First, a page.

Ben Walden, Jr., who with Hargus Sexton bred Breeders’ Cup Dirt Mile winner Corinthian, said there was “nothing elaborate” about why he chose to mate the Easy Goer mare Multiply to Claiborne Farm's stallion Pulpit.
In trying to determine which sire to go to for the mare owned by his Gracefield Equine and Sexton, Walden said he recalled advice that his father, the late Ben Walden, Sr., gave him.
“My dad used to emphasize the physicality of the mating as being the most important factor,” the younger Walden said of his father, who managed Dearborn Farm. “So this was strictly a balance mating. I thought Puplit would fit her because he was a well-balanced, medium horse and she had size and lot of bone.”
Corinthian’s sire, Pulpit, is among the leading sires in North America in 2007 and has been represented by 10 stakes winners, including four flat graded stakes winners and one graded steeplechase winner, this year. In addition to Corinthian, Pulpit is the sire of Del Mar Oaks (gr. I) winner Rutherienne, Peter Pan (gr. II) winner Sightseeing, and Jaipur Stakes (gr. III) winner Ecclesiastic.
Walden bought then-2-year-old Multiply for $20,000 from the Claiborne Farm consignment to the 1994 Keeneland January Horses of All Ages sale. She never raced but quickly became a success as a broodmare. So far, the seven yearlings produced from the mare have sold at public auction for $4,690,000. Her first foal was grade II winner Desert Hero. Corinthian is the second stakes winner produced by the mare, who died earlier this year. Corinthian was sold for $385,000 at the 2004 Faisg-Tipton Saratoga yearling sale.
Corinthian’s breeders have a long history of success that dates back to when Walden’s grandfather, Julien Walden, was a prominent Kentucky tobacco farmer. Sexton, who had interests in insurance, was also involved in the tobacco warehouse business with Julien Walden. Sexton entered the Thoroughbred business with Ben Walden, Jr., and Vinery in the 1980s. The Sextons have seven or eight broodmares in partnership with Walden and another 30 to 35 on their own.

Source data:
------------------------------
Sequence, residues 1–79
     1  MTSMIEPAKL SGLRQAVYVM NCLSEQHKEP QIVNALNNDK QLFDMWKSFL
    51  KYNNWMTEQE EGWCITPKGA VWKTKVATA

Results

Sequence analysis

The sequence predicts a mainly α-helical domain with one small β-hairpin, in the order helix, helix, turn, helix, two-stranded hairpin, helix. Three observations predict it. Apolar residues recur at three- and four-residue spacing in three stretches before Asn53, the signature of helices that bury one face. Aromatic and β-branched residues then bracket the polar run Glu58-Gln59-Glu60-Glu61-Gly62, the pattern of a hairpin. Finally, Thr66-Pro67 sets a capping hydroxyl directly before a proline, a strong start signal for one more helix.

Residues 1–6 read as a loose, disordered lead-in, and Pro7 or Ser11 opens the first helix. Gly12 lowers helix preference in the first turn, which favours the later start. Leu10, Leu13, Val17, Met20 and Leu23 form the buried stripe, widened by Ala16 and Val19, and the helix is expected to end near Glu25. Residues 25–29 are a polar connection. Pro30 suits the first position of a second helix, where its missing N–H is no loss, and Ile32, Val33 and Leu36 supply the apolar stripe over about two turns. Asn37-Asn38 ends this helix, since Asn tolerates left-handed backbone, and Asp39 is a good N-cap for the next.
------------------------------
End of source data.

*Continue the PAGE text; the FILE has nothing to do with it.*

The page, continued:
Gracefield, which is located where two prominent Standardbred farms previously operated in Lexington, is owned by Walden, who also is president of the Hurricane Hall operation near Georgetown, Ky. Hurricane Hall is a partnership comprising Walden, Brad Kelley, Pat Madden, and David Hanley.
Walden said he and Sexton retained ownership in Be Fruitful, Corinthian’s full sister, who recently broke her maiden at Belmont Park.
The Breeders’ Cup Dirt Mile winner also has a connection to the Beck family’s Gainesway Farm, as did Breeders’ Cup Juvenile Turf winner Nownownow did one race earlier.
Corinthian, who enters stud in 2008 at Gainesway, “has just great quality,” said Michael Hernon, Gainesway’s director of sales. “He is exciting to look at. He's big, bold, masculine, and athletic. We are just delighted beyond words.”
Hernon said Gainesway was also interested in Corinthian as a stallion because the colt’s female family is replete with successful sires, including Lyphard and Nureyev.